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Friday, August 12, 2022 - 15 Av 5782
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Friday, 12 August 2022
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Broken from Exile
Exile is a situation that gives great torment to the soul. The very fact that it is in exile, even under the most pleasant conditions, causes the soul to feel the greatest anguish.

The Lubavitcher Rebbe examines this concept in a Chassidic discourse, “Veatah Tetzaveh,” that he distributed to thousands: Every Jew is born with an intense desire for revealed G-dliness. Good health, comfort, a good income, spiritual development—these are all nice things to have but they don’t satisfy the Jewish soul. As long as G-dliness is not revealed, the soul is not satisfied. It is broken, like an olive crushed for its oil.

Someone who is separated from his natural environment will always long to return to it. Even if the environment where he was placed against his will is a pleasant one, with all sorts of amenities, it will not be enough to soothe his soul. He will constantly long to return to his natural place, to his own home and surroundings. And this is an apt description of the Jewish people in exile: “Like children exiled from the table of their father.” As long as we’re in exile, even in the best possible situation spiritually and materially, our soul still longs to be restored to “our father’s table”—the third Holy Temple.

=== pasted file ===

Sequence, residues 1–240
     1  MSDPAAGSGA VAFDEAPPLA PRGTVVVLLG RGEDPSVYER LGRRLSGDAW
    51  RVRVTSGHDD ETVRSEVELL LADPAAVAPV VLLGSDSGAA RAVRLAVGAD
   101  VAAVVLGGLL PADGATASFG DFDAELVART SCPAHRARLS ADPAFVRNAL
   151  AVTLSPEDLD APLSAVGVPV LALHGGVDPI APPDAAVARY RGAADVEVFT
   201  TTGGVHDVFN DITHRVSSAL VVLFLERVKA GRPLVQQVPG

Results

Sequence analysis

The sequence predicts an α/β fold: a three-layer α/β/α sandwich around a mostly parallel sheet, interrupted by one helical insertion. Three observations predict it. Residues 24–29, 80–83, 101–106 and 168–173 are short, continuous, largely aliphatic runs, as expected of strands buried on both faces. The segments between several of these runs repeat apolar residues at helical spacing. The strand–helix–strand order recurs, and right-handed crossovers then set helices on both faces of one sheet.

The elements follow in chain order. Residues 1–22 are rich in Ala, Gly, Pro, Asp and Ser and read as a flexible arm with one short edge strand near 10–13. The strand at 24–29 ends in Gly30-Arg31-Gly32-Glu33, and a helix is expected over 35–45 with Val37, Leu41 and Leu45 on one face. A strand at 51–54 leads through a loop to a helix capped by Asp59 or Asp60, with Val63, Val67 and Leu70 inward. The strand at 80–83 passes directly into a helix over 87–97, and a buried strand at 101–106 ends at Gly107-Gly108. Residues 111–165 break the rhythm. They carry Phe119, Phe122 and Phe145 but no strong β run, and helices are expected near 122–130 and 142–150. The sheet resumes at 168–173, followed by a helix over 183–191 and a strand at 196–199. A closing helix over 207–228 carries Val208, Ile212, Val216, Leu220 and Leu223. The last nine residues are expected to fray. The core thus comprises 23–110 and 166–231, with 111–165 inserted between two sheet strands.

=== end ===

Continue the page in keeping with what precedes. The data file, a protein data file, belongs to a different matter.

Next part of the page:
Our sages say, “If the Temple was not rebuilt in your days it is as if it was destroyed in your days!” Our souls constantly cry out because they see the destruction of the Tempe in front of them. This only intensifies their longing for the complete revelation of the Shechinah.

A Jew who feels this longing is connected to his soul’s essence. In other words, he brings his soul to full expression. This ability to get in touch with our soul’s essence comes from the tzadik or Rebbe of each generation. The Rebbe infuses in us a longing for Moshiach, to the point that we feel broken and bereft every moment that the Geulah is not here. But this is not sufficient. We need to think, what can I do today to bring Moshiach?

Together with the broken-heartedness, there must also be lightheartedness and joy, knowing that we are close to Redemption.

Sources: Berachot 3a. Midrash Rabba Tehillim 137:7. Yerushalmi Yoma 1:1. Derech Mitzvosecha Shoresh Mitzvas Hatefillah ch. 40. Mefaneach Tzefunos ch. 37. Maamar Veata Tetzaveh 5741 par. 9. Sichah of 12 Tammuz 5744. Shabbat Parshat Bo and Beshalach, 5752.


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